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Home / Expert Opinion / Advocate's View / Advocate’s View: Disclosure, interviews of corporate employee witnesses

Advocate’s View: Disclosure, interviews of corporate employee witnesses

Laurie A. Giordano

CPLR 3101 requires the “full disclosure of all matter material and necessary in the prosecution or defense of an action.” Standard discovery demands almost always include a demand for the identification of witnesses and disclosure of the witnesses’ address or other contact information. Corporate parties will often disclose employee names, but refuse to provide contact information and direct the opposing attorney to contact the witness through corporate counsel. Is this type of response proper? The answer may be no.

The first issue for consideration is the obligation to disclose the witness information. Clearly, the names of the witnesses must be disclosed under CPLR 3101. Further, because there is no privilege, the contact information should be provided. If privacy is a concern, then a protective order can be reached to prohibit further disclosure outside the lawsuit.

The corporate party may also assert that it is improper and unethical to contact its employees. The New York Court of Appeals addressed this issue in Niesig v. Team I, 76 N.Y.2d 363 (1990). In Niesig, the plaintiff moved for permission to conduct ex parte interviews of all of the corporate defendant’s employees who were present at the site at the time of the accident, Id. The defendant maintained that Disciplinary Rule 7-104 (A) (1) prohibited the contact, Id.

DR 7-104(A) (1) read:

[A] lawyer shall not … [c]ommunicate or cause another to communicate with a party [the lawyer] knows to be represented by a lawyer in that matter unless [the lawyer] has the prior consent of the lawyer representing such other party or is authorized by law to do so.

The rule has remained substantively unchanged since the decision in Niesig, but now appears in New York’s Rule of Professional Conduct 4.2 (a). The Rules of Professional Conduct were promulgated in 2009, replacing the Code of Professional Responsibility formerly governing New York attorney conduct.

In Niesig, the trial court and Appellate Division, Second Department denied the plaintiff’s application for ex parte interviews. The Second Department reasoned that current employees of a corporate defendant in litigation “are presumptively within the scope of the representation afforded by the attorneys who appeared [in the litigation] on behalf of that corporation,” Niesig, 76 N.Y.2d at 368. Thus, the Second Department held that the corporation’s attorneys had an attorney-client relationship with every employee connected with the subject of the litigation, Id.

The Court of Appeals rejected the Second Department’s conclusions in that regard and modified the order to permit the ex parte interviews, Id. at 369. Of note, the court agreed with the portion of the lower court’s holding that the rule only applied to current — and not former — employees and thus, it modified and did not reverse the order, Id. In finding that ex parte interviews were permissible, the Court of Appeals reviewed the applicability of the disciplinary rules and found that they applied to individuals in civil cases, Id. at 370.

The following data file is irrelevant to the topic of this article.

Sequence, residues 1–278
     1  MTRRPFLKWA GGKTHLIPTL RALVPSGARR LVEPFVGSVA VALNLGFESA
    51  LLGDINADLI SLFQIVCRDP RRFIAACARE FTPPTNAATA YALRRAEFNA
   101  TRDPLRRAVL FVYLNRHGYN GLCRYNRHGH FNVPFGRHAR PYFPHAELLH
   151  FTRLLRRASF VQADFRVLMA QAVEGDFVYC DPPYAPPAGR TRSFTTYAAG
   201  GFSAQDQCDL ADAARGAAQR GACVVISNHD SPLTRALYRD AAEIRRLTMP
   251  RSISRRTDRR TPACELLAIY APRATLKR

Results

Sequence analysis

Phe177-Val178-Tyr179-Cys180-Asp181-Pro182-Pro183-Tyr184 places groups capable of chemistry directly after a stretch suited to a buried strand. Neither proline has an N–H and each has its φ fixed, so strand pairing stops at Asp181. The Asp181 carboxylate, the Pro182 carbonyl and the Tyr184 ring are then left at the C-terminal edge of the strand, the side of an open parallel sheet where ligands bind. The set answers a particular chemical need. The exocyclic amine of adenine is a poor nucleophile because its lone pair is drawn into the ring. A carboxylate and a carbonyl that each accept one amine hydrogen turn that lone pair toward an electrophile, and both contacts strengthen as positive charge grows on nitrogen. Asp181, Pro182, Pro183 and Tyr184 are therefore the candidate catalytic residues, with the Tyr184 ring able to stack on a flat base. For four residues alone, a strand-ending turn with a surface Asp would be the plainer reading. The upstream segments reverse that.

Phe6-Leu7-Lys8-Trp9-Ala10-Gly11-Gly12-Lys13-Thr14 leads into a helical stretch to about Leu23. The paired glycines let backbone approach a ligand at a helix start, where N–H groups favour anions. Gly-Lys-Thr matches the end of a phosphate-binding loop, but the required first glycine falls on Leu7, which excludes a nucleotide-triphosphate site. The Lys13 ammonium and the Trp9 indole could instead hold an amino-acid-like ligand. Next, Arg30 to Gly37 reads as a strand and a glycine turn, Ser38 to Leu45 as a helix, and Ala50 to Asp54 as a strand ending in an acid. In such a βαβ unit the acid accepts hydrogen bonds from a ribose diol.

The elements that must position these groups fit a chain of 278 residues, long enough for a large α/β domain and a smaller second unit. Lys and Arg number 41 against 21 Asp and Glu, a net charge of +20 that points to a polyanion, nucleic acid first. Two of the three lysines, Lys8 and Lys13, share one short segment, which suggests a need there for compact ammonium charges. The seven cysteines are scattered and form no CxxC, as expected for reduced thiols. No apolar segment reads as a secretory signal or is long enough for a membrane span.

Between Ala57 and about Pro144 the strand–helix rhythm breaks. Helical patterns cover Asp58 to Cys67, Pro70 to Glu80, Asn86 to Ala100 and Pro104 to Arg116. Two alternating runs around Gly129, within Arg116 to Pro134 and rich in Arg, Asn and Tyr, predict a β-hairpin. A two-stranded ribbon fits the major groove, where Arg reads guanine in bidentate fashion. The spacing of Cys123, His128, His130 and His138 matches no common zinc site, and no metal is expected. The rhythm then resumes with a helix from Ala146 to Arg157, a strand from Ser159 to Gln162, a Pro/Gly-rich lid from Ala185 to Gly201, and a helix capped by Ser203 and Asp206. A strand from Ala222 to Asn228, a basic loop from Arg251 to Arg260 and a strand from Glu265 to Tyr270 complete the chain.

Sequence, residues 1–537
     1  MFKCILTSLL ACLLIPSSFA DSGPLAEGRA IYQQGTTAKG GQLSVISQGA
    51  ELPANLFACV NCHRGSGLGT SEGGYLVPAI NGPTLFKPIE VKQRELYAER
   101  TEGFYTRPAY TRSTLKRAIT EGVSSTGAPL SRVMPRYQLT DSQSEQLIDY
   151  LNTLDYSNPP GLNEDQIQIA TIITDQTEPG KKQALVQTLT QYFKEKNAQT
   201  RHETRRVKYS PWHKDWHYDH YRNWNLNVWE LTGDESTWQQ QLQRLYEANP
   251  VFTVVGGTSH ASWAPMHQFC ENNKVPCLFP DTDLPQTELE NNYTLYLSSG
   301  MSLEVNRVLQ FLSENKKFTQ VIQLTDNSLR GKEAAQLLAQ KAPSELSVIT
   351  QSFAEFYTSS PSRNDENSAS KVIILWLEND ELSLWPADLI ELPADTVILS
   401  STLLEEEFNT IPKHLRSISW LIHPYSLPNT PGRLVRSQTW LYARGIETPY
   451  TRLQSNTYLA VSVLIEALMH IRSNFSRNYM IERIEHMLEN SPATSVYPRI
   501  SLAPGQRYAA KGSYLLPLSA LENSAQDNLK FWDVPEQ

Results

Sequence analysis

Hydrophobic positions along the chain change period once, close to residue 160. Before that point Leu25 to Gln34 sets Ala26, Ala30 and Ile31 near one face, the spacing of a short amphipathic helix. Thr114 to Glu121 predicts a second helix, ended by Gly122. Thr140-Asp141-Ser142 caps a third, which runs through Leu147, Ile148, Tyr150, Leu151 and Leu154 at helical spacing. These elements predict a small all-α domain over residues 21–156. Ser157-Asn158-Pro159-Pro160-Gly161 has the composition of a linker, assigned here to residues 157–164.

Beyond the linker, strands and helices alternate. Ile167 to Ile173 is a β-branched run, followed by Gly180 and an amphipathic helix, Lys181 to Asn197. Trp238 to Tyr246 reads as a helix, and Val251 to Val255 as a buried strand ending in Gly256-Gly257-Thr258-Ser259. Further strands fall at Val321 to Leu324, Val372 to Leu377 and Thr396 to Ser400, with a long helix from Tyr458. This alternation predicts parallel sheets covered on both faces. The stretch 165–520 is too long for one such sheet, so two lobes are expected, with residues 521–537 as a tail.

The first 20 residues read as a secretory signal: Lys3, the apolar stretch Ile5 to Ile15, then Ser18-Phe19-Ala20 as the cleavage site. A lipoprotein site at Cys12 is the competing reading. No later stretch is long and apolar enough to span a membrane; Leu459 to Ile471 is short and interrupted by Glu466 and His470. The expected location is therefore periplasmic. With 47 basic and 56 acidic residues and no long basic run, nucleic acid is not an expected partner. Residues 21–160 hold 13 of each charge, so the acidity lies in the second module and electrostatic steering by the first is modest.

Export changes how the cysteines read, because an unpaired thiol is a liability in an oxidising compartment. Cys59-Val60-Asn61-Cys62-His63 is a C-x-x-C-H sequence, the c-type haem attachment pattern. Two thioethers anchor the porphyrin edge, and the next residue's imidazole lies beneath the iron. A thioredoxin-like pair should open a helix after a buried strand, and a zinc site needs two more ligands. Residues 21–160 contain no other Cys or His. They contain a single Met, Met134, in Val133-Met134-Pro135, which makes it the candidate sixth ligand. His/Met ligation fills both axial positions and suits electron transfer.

Furthermore, the court narrowed the issue in dispute to determining the definition of “party” under the rule — “[t]he issue therefore distills to which corporate employees should be deemed parties for purposes of DR 7-104 (A) (1),” Id. at 371.

While recognizing that the attorney-client privilege may extend to communications between the corporate attorney and low and mid-level employees, the Court of Appeals found that the privilege does not establish an attorney-client relationship and “it does not immunize the underlying factual information … from disclosure to an adversary (citation omitted),” Id. at 372. The court also recognized the cost and other practical benefits of permitting informal interviews of fact witnesses, Id.

Ultimately, the Niesig decision concluded that the test for which employees constitute a “party” to the litigation and whom the adverse counsel cannot contact are “employees whose acts or omissions in the matter under inquiry are binding on the corporation (in effect, the corporation’s ‘alter egos’) or imputed to the corporation for purposes of its liability, or employees implementing the advice of counsel. All other employees may be interviewed informally,” Id. at 374.

The Court of Appeals went on to recognize that “[i]n practical application, the test … would prohibit direct communication by adversary counsel ‘with those officials, but only those, who have the legal power to bind the corporation in the matter or who are responsible for implementing the advice of the corporation’s lawyer, or any member of the organization whose own interests are directly at stake in a representation.’ This test would permit direct access to all other employees, and … it would clearly permit direct access to employees who were merely witnesses to an event for which the corporate employer is sued (citation omitted),” Id. at 374-375.

Thus, under controlling New York law, corporate defendants should disclose employee witness information and not direct contact to only be through the corporation’s attorney — unless the current employee meets the Niesig test, See also Rules of Professional Conduct [22 NYCRR Part 1200] rule 4.2 Comment [7] (identifying categories of employees who cannot be contacted).

Laurie A. Giordano is a founding partner of the Rochester litigation law firm of Leclair Korona Giordano Cole LLP. She concentrates her practice in the areas of personal injury, insurance law and commercial litigation. She can be reached at or through the firm’s website at